The high [K+]/[Na+] ratio in the vast majority of prokaryotes implies prevalence of K+ over Na+ also in the cytoplasm of the common ancestor of archaea and bacteria, the radiation of which dates back more than 3.5 Gy [23]. Importantly, the cytoplasmic [K+]/[Na+] > 1 does not appear to be a simple “frozen” evolutionary accident. It is well established that prevalence of K+ ions is crucial for the activity of numerous (nearly) universal, key enzymes, including the translation factor EF-Tu [24], recombinase RadA [25], chaperonin GroEL/Hsp60 [26], diol dehydratases, including glycerol dehydratase [27], pyruvate kinase [28], S-adenosylmethionine synthase [29], dialkylglycine decarboxylase [30], membrane pyrophosphatase [31], CDP-diglyceride synthase [32], and many others. Accordingly, K+ ions are required for some core cellular processes, most importantly, for protein synthesis [33]. Potassium cations have been shown to help ribosomes to attain functional conformation [34], which might be related to the specific ability of K+ ions to stabilize certain RNA folds ([35] and references therein). In addition, the X-ray structure of the ribosome has revealed a K+ ion within the peptidyl transferase center [36, 37], which, according to several independent reconstructions, makes the evolutionarily oldest part of the ribosome [38-40]. The protein synthesis in the very first cells must have already depended on the presence of K+ ions as the peptidyl transferase machinery must have already evolved by that stage [39, 41], well before the Last Universal Cellular Ancestor (LUCA).

The LUCA is the life form that existed immediately before the separation of the cellular life into bacterial and archaeal domains. The number of protein-coding genes that are common to (nearly) all extant cellular life forms and thus most likely were represented in LUCA initially decreased with more genomes being sequenced but stopped at the mark of about 60 [41-43]. The functional distribution of these genes is remarkably different from uniform and provides some information about the LUCA (see Table 1). The great majority of the ubiquitous proteins are involved in translation [41, 44]. These include proteins of large and small ribosome subunits, translation factors, and aminoacyl-tRNA synthetases of all specificities [42, 43]. Thus, it appears that the translation machinery of the LUCA was (almost) as complex as the translation systems of modern bacteria and archaea. Furthermore, the translation system of the LUCA most likely produced large (including multidomain) proteins because the molecular chaperone GroEL/Hsp60 that is essential for the folding of such proteins also belongs to the ubiquitous protein set. The functions of most of the other genes in the ubiquitous set are connected with nucleic acids (RecA/RadA recombinase, transcription antitermination factor NusG, transcription pausing factor NusA, 5′-3′ exonuclease, topoisomerase IA, clamp loader ATPase, pseudouridylate synthase) or their building blocks, nucleotides (thymidylate kinase, catalytic subunits of the rotary membrane ATPase).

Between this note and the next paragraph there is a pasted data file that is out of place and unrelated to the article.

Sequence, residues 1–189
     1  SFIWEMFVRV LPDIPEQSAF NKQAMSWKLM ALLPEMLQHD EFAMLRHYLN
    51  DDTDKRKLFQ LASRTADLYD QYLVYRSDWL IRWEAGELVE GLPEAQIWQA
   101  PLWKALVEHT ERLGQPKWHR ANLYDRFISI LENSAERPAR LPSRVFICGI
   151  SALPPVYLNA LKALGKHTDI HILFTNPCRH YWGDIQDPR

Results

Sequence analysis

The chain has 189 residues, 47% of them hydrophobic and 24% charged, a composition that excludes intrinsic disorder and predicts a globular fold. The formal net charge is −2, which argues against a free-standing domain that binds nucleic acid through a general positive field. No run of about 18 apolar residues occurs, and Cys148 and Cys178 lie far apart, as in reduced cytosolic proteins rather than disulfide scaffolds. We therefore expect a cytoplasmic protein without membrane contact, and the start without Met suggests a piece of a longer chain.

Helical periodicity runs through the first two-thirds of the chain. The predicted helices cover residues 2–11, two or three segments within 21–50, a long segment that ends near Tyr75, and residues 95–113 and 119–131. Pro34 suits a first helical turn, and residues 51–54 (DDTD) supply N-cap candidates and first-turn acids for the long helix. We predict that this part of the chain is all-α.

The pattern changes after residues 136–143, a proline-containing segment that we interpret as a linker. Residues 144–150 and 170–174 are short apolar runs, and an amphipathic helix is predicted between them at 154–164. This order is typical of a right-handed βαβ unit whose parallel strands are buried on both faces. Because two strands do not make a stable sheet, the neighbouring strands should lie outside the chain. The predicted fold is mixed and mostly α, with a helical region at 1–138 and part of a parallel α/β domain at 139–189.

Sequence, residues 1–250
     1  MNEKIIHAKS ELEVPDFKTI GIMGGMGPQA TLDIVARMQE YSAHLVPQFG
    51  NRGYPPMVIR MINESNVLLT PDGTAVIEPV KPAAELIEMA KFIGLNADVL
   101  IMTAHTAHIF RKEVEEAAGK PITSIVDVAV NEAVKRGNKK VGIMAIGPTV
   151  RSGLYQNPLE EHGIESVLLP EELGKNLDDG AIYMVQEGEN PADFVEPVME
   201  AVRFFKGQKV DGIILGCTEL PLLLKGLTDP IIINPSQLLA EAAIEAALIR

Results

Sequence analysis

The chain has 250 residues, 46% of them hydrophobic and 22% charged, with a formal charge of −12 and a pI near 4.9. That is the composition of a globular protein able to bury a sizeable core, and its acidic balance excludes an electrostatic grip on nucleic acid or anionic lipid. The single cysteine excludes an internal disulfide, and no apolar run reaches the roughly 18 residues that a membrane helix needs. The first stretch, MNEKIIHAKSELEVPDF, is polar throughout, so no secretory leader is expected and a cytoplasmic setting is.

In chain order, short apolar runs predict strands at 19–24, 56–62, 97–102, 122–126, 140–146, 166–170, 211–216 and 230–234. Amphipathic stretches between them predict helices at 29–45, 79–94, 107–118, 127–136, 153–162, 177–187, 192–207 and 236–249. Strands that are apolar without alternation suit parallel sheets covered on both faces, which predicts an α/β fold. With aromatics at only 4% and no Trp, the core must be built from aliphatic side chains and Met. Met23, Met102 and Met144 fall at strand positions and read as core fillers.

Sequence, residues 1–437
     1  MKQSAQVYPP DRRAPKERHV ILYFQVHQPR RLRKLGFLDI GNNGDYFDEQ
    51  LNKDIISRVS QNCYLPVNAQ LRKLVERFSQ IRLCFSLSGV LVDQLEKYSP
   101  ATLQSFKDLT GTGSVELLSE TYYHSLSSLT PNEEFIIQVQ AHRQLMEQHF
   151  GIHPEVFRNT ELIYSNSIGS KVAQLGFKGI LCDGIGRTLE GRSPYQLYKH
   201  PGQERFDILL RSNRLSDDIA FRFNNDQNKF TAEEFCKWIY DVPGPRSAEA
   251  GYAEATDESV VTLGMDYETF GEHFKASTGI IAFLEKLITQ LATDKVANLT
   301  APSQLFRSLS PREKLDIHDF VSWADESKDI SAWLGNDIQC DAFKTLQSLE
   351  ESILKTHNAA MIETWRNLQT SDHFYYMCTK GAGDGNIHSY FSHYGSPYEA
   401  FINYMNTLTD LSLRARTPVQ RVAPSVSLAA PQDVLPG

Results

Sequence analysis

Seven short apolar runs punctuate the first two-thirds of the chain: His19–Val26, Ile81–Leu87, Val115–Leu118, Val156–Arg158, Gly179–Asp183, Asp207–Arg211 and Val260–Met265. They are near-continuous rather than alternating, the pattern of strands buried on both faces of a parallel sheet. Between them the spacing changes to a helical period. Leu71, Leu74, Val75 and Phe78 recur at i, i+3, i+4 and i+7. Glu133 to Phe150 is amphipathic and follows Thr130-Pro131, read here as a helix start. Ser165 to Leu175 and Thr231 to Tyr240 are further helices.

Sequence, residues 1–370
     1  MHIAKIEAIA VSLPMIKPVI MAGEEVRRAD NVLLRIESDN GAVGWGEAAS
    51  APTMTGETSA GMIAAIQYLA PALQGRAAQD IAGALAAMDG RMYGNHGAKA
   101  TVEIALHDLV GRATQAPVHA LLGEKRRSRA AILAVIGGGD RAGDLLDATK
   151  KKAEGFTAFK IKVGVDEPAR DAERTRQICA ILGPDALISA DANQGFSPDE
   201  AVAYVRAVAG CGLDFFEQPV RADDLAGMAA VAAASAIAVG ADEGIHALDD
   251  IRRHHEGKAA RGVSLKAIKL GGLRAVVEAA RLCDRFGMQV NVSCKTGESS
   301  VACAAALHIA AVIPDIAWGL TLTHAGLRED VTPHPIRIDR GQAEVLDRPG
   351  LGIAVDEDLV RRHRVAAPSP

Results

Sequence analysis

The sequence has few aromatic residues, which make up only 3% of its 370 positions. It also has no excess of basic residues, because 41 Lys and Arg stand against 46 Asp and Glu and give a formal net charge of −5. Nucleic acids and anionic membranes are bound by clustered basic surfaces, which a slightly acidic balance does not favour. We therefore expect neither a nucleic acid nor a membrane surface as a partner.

Table 1. Products of ubiquitous genes and their association with essential inorganic cations and anions